The Discover it® Balance Transfer is great card, offering a cash back bonus program as well as a zero percent APR on purchases for 6 months and on balance transfers for 18 months. The balance transfer fee is 3% of each balance. (These terms are fairly typical of most offers.) The ongoing APR for purchases and balance transfers after the introductory period expires is 13.99% - 24.99% Variable depending on creditworthiness.

This card also has a great cash back program, which gives 1% cash back on all purchases and 5% cash back in rotating categories (up to the quarterly maximum each time you activate).

If Rachel qualifies for a Discover account with her good credit history and she transfers both her balances within thirty days, she’ll pay $129 in balance transfer fees. She’ll pay no annual fee for the card so her total cost is $129.

If Rachel hadn’t transferred her balances, and tried to pay-off the balance, she’d have paid $371 on the $3,500 balance and $133 on the $800 balance over the course of the year.

Considering a balance transfer fee of $129, Rachel saved $375 by transferring her balances to the Discover it® Balance Transfer credit card.

Kind of makes you want to know how much you could save by transferring your balances, doesn’t it?
Here are a few of Credit-Land.com’s favorite cards offering zero percent balance transfer introductory periods. Look through and see if one of them looks like the right card for you. When evaluating any credit card offer, think about your credit history, the amount of the balance you want to transfer, and the way you use your credit cards. Always take some time to look over the terms and conditions of the cards you’re considering so you know exactly what you’re signing up for. Having a good credit score will always let you qualify for lower-interest, higher-reward cards, so use credit responsibly to keep your score as high as possible.
0% APR on Balance Transfer Credit Cards Choose the best credit card from our partners to save money on Balance Transfers.

0% Intro APR Period on Balance Transfers: 18 months

Ongoing APR on Balance Transfers: See terms

Balance Transfer Fee: 3%

Annual Fee: $0

0% Intro APR on
Balance Transfers:
YES

0% Intro APR Period on Balance Transfers: first 12 billing cycles following each balance transfer that posts to your account within 45 days of account opening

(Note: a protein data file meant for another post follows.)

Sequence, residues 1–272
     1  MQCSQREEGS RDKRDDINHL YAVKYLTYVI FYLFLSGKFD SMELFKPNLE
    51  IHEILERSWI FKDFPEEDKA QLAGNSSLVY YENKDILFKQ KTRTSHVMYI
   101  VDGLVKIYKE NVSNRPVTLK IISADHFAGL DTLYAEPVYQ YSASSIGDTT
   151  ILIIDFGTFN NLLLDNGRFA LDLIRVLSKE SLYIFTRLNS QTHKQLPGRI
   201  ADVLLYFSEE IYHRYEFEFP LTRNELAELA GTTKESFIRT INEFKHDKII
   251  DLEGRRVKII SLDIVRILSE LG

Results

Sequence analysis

Ongoing APR on Balance Transfers: 17.99%, 21.99% or 24.99% variable based on your creditworthiness

Balance Transfer Fee: Either $5 or 3% of the amount of each transfer, whichever is greater

Annual Fee: $89 (waived first year)

0% Intro APR on
Balance Transfers:
YES

0% Intro APR Period on Balance Transfers: 18 months

Ongoing APR on Balance Transfers: 15.49% - 25.49%* (Variable)

Balance Transfer Fee: 3% of each balance transfer; $5 minimum.

Annual Fee: $0*

0% Intro APR on
Balance Transfers:
YES

0% Intro APR Period on Balance Transfers: 15 months

Ongoing APR on Balance Transfers: 15.49% - 25.49%* (Variable)

Balance Transfer Fee: 3% of each balance transfer; $5 minimum.

Annual Fee: $0*

0% Intro APR on
Balance Transfers:
YES

Everyone Wins!
By now you should have a pretty good idea of how “the balance transfer game” works and understand the basic rules of play. When you’re carrying a balance, the options for paying it off at a zero percent rate are almost endless, depending on your credit score and how much the balance is. Regardless, there are so many choices that almost everyone will be able to find some solution to their stubborn balances. Don’t pay a high APR if you don’t have to – if you have questions, consult our expert team at Credit-Land.com.
Good luck – and may the best cardholder win. (That’s YOU!)

Disclaimer: This editorial content is not provided or commissioned by the credit card issuer(s). Opinions expressed here are the author's alone, not those of the credit card issuer(s), and have not been reviewed, approved or otherwise endorsed by the credit card issuer(s). Reasonable efforts are made to present accurate information, however all information is presented without warranty. Consult a card's issuing bank for the terms & conditions.
All rates and fees, and other terms and conditions of the products mentioned in this article/post are actual as of the last update date but are subject to change. See the current products' Terms & Conditions on the issuing banks' websites.